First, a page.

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When golf courses get the green light, it’s a big step forward for the rest of us

If you’ve been following the evolution of golf course design in the United States over the past several decades, you’ll have noticed the increasing trend toward more grass- and soil-type greens and less concrete and asphalt.

For many, that’s the most recent evolution in the design of golf courses, which began in the early 1970s, when golf courses were designed by architects with a passion for the outdoors.

But as the golf course landscape has evolved, so too have the challenges facing golfers who want to play the game on the fairways.

For some golfers, these changes are not so bad; after all, they don’t want to have to deal with too many artificial obstacles in the fairway, and the greens and greensides that are being built now will likely be more forgiving to the players.

For others, however, the trend toward greens with less vegetation and fewer natural features is changing golf courses.

And while the changes have been gradual and are not yet as dramatic as the grass-type design changes, the effect has been more noticeable for those who are looking to play golf on the greens.

So what is the green look like in a golf course?

And why are greens more important in the game of golf?

With a green being more important than a golf ball or even a tee shot in golf, golfers often ask themselves, “Is the green really that important?”

A green is not only important for its appearance, but also for its ability to provide some shade to a player.

When a golfer plays golf on a fairway or on a rough, hard surface, they may feel as if they are playing on a grassy plain, with a few trees along the way.

The problem with that perception is that grassy grass is more prone to wind erosion than more compacted or concrete greens, and that means that when a golmer is on a golf tee, it is not going to be easy to avoid a little sand on the green.

In fact, in many instances, the best solution for golfers is to simply leave the green as it is.

If a golber wants to play a short round of golf, he or she should leave it at its natural level, so that the course does not impede the tee shot or putt-putt movement.

If they do not want to take any steps to protect the greens, they should leave them alone.

It’s also important to note that golfers may also feel the need to protect some areas of the course from erosion, which is where some of the most challenging areas can be found.

As a result, it can be important to look at how golfers can make sure that the greens are protected during the course and beyond.

One of the best ways to protect a golf green is to make sure they are in good shape for when they do come into play.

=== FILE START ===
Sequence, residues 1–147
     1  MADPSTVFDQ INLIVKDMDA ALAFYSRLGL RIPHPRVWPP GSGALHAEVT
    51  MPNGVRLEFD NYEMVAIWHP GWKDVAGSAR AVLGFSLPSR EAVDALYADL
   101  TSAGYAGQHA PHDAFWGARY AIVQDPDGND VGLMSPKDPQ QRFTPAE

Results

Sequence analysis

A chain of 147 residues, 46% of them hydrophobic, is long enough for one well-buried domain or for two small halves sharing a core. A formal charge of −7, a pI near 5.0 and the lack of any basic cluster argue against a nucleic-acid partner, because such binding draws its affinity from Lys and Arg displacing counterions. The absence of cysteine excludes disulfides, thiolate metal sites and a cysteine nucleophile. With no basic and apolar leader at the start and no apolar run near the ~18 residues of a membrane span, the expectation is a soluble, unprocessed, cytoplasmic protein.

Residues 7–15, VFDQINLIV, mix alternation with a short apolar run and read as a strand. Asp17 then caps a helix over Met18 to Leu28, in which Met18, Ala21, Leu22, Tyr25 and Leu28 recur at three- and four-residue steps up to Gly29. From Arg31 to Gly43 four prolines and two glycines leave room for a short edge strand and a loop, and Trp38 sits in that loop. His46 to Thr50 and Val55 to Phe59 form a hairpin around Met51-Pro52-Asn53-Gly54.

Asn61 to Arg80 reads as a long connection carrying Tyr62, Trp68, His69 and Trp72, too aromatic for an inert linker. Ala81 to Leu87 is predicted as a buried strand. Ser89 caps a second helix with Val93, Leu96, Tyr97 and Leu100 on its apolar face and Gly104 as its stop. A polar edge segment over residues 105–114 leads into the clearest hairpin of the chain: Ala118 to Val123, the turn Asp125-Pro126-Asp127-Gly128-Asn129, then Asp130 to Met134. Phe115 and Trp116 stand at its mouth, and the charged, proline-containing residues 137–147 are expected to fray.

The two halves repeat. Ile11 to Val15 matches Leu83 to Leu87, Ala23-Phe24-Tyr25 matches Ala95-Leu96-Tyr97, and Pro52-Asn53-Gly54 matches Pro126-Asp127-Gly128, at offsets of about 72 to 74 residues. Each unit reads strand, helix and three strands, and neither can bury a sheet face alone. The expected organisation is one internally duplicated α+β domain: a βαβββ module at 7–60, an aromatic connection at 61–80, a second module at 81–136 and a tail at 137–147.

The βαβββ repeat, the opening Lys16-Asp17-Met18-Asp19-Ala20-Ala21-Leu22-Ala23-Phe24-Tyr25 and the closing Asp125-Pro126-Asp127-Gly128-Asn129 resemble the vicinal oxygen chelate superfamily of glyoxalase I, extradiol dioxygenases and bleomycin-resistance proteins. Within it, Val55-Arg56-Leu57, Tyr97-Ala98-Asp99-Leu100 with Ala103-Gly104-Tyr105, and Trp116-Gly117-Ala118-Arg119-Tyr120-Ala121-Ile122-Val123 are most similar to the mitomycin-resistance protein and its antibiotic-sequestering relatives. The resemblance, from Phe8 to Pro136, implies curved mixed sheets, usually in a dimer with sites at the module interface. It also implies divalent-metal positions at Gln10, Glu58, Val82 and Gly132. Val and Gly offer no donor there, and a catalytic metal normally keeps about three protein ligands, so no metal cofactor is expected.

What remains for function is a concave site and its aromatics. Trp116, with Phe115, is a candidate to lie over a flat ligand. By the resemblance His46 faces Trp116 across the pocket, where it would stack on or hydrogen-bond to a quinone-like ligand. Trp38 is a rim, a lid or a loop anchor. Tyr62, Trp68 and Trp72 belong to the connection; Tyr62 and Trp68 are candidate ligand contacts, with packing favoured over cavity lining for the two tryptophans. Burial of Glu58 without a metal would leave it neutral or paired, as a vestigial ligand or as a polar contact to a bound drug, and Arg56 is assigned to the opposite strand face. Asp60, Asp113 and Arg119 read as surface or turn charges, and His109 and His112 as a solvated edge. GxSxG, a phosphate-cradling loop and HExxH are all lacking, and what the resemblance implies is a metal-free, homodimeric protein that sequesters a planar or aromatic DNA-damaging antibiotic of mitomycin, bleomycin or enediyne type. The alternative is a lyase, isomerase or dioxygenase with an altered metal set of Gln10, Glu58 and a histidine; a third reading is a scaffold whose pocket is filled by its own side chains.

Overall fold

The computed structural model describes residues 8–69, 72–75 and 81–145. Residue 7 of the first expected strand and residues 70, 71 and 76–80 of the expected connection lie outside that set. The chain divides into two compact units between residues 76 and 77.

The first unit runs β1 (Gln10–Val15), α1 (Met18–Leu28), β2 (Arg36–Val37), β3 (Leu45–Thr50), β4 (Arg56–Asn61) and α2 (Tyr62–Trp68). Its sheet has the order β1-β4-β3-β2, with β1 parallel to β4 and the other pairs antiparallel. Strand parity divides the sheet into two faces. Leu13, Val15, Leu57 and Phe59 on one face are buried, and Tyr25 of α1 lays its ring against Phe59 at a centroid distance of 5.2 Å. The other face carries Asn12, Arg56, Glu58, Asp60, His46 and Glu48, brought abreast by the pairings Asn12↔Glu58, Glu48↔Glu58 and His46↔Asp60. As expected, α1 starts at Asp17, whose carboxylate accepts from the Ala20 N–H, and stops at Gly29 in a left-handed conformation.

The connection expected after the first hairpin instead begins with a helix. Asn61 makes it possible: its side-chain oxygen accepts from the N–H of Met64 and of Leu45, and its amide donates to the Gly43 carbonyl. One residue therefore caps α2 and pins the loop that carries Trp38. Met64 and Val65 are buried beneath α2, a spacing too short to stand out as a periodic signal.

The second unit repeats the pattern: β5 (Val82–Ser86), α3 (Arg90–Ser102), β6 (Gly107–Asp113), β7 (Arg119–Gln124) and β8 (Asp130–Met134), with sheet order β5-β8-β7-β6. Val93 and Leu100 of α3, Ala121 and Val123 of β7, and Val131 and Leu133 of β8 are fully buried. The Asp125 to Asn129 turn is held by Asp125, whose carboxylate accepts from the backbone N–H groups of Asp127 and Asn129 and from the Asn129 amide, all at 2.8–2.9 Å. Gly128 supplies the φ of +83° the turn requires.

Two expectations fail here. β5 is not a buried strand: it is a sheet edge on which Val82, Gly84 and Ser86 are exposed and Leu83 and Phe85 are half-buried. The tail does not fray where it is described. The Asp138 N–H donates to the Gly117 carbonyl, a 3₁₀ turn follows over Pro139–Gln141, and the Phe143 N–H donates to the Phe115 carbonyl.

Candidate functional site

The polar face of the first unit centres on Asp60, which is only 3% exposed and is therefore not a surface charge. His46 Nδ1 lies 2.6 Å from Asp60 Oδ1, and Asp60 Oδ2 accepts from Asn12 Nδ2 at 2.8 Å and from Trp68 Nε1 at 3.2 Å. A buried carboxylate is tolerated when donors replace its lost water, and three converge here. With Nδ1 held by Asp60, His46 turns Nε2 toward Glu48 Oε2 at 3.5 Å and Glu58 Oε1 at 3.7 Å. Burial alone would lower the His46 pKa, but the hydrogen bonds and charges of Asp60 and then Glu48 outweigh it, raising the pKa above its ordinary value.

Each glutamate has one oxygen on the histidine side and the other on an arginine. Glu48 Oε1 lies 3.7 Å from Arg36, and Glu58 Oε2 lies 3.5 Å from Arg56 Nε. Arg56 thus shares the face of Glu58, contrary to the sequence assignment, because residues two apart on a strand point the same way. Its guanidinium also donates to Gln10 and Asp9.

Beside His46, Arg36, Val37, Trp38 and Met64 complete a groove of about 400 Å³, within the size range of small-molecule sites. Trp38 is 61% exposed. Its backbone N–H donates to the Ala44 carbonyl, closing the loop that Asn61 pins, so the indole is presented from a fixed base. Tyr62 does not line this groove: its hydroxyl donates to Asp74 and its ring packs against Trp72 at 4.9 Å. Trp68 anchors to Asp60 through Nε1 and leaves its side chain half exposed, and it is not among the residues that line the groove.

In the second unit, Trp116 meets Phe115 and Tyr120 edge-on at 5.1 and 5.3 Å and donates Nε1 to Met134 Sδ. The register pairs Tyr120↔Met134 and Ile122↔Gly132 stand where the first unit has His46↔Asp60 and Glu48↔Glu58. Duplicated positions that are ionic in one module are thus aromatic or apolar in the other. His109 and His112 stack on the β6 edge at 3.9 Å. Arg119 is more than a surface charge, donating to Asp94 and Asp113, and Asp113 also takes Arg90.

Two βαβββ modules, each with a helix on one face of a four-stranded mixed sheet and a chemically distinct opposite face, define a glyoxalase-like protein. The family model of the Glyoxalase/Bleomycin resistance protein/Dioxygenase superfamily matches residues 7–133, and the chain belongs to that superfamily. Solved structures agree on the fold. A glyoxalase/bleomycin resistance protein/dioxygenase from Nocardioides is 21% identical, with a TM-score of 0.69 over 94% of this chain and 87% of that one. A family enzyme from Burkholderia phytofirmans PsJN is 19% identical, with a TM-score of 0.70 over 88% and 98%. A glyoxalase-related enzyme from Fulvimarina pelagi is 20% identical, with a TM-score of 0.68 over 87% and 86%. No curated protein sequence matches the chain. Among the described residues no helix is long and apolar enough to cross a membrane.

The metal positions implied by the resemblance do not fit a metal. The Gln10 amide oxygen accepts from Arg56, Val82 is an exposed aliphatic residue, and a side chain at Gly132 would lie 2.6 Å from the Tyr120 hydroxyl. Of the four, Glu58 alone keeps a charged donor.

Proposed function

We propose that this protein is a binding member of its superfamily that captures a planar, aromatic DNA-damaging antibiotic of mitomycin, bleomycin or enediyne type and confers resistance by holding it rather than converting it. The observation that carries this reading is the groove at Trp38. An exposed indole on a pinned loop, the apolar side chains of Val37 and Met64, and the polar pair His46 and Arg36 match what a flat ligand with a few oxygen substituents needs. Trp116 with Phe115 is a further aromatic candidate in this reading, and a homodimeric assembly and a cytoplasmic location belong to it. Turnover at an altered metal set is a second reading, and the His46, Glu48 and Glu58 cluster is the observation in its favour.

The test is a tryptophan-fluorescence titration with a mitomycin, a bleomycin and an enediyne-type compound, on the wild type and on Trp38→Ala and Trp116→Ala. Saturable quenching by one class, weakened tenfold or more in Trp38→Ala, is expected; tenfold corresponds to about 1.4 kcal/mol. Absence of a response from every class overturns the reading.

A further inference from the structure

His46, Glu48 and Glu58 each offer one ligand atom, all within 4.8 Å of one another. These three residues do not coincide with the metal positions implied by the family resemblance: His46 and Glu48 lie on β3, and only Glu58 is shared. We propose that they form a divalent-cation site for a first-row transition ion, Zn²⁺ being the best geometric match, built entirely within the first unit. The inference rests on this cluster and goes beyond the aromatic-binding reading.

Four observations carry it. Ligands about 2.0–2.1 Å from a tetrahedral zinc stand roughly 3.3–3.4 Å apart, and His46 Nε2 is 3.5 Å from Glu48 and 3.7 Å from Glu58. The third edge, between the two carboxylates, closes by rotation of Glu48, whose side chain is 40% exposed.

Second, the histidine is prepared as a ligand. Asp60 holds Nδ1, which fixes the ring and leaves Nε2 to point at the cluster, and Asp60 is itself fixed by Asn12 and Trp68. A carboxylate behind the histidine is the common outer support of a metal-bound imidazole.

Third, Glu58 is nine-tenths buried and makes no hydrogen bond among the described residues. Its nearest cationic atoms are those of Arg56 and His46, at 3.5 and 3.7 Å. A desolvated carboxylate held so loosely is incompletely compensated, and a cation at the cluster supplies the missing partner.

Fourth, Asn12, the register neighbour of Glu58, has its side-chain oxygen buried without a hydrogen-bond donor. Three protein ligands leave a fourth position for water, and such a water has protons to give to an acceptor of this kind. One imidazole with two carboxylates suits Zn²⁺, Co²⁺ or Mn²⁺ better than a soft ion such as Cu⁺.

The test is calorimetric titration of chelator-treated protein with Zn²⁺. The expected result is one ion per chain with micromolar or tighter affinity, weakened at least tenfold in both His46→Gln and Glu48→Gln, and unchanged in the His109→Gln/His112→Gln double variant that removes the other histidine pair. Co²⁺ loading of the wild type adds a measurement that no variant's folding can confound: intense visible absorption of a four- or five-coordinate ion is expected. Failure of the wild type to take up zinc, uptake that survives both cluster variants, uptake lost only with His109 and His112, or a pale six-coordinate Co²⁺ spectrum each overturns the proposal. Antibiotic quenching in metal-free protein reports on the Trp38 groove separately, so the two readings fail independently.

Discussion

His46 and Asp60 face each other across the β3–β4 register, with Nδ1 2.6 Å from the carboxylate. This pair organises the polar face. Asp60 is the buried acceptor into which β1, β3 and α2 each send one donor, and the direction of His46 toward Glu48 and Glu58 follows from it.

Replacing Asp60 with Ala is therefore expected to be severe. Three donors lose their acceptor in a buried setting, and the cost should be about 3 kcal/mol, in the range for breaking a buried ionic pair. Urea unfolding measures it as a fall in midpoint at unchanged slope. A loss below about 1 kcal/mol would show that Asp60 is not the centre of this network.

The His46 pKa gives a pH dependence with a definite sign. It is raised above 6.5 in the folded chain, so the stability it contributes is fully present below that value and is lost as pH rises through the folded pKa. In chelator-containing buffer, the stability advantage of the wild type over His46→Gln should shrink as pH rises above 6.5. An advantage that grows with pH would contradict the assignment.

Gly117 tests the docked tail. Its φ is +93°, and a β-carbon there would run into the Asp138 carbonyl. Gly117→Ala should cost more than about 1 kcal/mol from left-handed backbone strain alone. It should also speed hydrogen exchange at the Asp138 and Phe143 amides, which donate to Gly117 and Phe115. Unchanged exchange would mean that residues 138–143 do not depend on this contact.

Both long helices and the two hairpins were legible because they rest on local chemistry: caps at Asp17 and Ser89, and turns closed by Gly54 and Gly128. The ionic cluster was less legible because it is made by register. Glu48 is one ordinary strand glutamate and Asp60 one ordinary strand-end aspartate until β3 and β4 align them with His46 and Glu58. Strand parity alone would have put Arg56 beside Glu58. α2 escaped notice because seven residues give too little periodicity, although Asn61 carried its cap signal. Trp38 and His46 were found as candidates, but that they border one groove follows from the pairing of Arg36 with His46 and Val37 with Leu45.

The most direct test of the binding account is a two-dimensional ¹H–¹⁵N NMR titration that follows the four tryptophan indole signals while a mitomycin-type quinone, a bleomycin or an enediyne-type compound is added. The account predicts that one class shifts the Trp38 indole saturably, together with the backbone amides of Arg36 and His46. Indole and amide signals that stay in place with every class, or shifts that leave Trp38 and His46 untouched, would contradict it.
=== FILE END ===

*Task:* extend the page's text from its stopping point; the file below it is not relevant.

In some cases, a golster can make the necessary improvements to their course in order to make it a safe and enjoyable place to play.

It is important to realize that the green will look different in different parts of the country, depending on the size of the community, the type of greens they have, and how much it has been used.

A golster could make some changes to the green in order for it to look more like a real greenside.

In a smaller community, for example, a green might have a more compact shape to it, as opposed to the more compact shapes found in a larger community.

If you are looking for a more rugged green, a sand pit might be the way to go.

This type of green, often referred to as a rough green, is generally created to help players who are playing rough, rough-looking courses with a chance of hitting a fair shot.

It can also be used for longer-lasting greens, such as for fairways and putt courses.

However, if a golist wishes to put on a little bit of grit and toughness, they can try putting a few stakes into the grass at the edges of the green to create a little more cushion.

There are also some golf course architects who are working to create the perfect golf course.

They use different types of greens, but all have the same goal in mind.

In other words, they want to create courses that are a perfect blend of golfers and nature.

A good example of this type of course is a course built by the United State Golf Association (USGA).

This is the first golf course in the world built using the green design that is popular in the North American and European golf community.

It was originally designed in 1970 by the renowned golf designer Robert Biscardi, who also designed the U.S. Open and the PGA Championship.

The USGA has been building golf courses with green designs for more than 40 years, including the U-Line Golf Course at Eastlake in California